J-10 Thread IV


siegecrossbow

Brigadier
Staff member
Super Moderator
PLAAF pilots are probably all doing their training in English, which makes a lot of sense if you think about where China learned its pilot training programs from. They also have to be able to communicate with different air forces (like Pakistan) in international training exercises too. If that’s what they’re habituated for in these exercises I don’t see why that should be a large cognitive burden. It’s not like people in China aren’t used to using English situationally in highly technical environments, so I’m not sure why pilots using short bits of English should be so unusual?
The fact that they are using is causing a huge debate on CJDBY. Some ultranationalists are upset about them using the “enemy’s” language. Just goes to show that there are dumb people everywhere.
 

caohailiang

New Member
Registered Member
The fact that they are using is causing a huge debate on CJDBY. Some ultranationalists are upset about them using the “enemy’s” language. Just goes to show that there are dumb people everywhere.
Reminds me of a recent event where Biden got criticized for quoting Mao when he was talking about female rights, I am wondering if a political figure in China would get criticized these days for the mere fact of quoting Lincoln or Franklin.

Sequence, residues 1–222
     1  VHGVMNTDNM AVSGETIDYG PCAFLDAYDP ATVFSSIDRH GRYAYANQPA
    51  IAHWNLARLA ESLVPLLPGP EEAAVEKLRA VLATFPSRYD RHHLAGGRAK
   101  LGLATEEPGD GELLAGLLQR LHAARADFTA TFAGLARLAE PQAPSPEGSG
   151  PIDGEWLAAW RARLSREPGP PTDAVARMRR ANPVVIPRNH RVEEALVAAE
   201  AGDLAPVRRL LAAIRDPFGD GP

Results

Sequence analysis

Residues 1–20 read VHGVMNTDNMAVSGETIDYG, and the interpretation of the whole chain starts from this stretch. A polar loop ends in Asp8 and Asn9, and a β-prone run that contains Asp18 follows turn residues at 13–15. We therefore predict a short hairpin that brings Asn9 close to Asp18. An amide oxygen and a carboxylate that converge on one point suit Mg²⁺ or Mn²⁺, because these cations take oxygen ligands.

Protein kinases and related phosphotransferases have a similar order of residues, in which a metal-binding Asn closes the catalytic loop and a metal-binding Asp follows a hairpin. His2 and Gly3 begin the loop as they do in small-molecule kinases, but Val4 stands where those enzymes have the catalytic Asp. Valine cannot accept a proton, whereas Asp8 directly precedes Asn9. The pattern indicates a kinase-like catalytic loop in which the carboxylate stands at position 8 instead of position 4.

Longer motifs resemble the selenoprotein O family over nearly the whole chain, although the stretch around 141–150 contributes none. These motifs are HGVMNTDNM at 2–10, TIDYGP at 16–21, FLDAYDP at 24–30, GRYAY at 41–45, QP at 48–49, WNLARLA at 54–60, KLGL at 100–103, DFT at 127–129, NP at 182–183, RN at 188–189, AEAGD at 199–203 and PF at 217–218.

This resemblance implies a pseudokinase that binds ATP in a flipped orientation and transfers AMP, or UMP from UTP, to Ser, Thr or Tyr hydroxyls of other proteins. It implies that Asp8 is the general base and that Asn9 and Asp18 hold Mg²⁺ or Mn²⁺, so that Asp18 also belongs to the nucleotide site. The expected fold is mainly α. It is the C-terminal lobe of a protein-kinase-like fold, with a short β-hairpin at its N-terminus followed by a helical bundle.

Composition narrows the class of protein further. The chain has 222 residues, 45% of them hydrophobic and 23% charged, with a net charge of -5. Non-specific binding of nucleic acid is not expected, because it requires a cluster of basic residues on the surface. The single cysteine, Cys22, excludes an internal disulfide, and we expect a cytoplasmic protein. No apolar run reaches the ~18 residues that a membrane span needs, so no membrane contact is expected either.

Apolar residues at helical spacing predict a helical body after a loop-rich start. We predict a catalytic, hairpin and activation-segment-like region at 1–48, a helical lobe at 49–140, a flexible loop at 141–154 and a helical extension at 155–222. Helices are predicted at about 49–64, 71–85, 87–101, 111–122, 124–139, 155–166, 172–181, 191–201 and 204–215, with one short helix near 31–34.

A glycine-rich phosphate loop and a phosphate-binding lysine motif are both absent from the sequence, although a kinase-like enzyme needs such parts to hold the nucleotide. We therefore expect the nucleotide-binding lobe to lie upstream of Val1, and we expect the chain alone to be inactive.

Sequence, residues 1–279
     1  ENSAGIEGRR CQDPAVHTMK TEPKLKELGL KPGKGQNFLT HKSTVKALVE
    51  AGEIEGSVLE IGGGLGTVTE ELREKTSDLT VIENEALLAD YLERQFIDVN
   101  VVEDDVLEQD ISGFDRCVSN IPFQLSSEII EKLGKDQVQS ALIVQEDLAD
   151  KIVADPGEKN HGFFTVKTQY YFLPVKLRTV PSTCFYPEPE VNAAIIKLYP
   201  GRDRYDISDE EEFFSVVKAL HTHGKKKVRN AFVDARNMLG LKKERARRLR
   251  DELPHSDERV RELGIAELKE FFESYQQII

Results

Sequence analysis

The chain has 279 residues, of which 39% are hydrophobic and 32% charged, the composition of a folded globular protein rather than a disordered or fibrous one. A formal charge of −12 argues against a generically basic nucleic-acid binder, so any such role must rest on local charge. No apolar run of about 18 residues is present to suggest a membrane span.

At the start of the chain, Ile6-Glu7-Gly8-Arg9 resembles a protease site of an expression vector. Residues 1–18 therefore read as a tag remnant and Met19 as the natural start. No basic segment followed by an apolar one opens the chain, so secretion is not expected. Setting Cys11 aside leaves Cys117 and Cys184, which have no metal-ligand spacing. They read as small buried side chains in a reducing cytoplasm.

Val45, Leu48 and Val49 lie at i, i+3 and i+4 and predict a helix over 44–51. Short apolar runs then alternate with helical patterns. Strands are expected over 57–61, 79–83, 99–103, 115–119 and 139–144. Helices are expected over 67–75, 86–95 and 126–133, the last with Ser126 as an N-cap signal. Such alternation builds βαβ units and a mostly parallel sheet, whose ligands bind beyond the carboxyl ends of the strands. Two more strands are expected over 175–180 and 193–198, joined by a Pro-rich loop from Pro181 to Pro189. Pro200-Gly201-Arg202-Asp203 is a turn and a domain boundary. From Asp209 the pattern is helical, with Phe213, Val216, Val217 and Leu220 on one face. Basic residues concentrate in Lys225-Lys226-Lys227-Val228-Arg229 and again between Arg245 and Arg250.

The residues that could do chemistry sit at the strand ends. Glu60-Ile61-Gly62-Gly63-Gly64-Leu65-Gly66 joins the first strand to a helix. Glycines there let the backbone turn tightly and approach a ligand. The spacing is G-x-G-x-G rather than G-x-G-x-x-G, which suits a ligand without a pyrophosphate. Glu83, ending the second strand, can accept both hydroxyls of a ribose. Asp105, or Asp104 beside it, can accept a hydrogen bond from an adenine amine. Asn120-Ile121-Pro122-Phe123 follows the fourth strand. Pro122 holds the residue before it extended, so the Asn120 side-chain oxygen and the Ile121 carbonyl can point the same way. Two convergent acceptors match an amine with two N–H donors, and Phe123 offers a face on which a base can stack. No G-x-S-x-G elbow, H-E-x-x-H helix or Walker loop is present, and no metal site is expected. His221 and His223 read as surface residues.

But back to the topic, could it be just because PLAAF find the English combat commands used in USAF very efficient so they decide to reuse them rather than reinvent the wheel. That seems to be very pragmatic and open-minded to me.
 

TerraN_EmpirE

Tyrant King
The three most populous languages are Mandarin by population of China, Spanish and English. English is generally considered the universal language of Aviation.
in the function of their duties The PLAAF like any other air force are not limited to Kill kill kill. They have to interact with other aviators from across the world. When doing interceptions of American, Japanese, Korean, Russian, Malaysian, Pilipino, Pakistani, Hindu... or any other nationality. They need to be able to Warn off, Threaten, cajol, plead, Aid, address, command whatever the situation demands. To do that you need both sides to have a common frame of reference. The ability to exchange numbers and technical terminology in order to plot course redirect or escort. As such English is the universal language. A pilot must be able to speak it and navigate with it. As simply shouting into the mic in Mandarin won’t help if the guy on the receiver doesn’t understand a word of it. And speaking High school grade French doesn’t do a lick of good if the conversation is of a technical matter.
If the PLAAF wants to intercept a Boeing 737 pilot simply trying to communicate with close flybys and sharp maneuvers doesn’t help anything it simply makes them look like daredevils or worse like they intend to kill the bird.
Being able to at least make claim over the radio in a common language can keep it from being misconstrued as overtly hostile.
 

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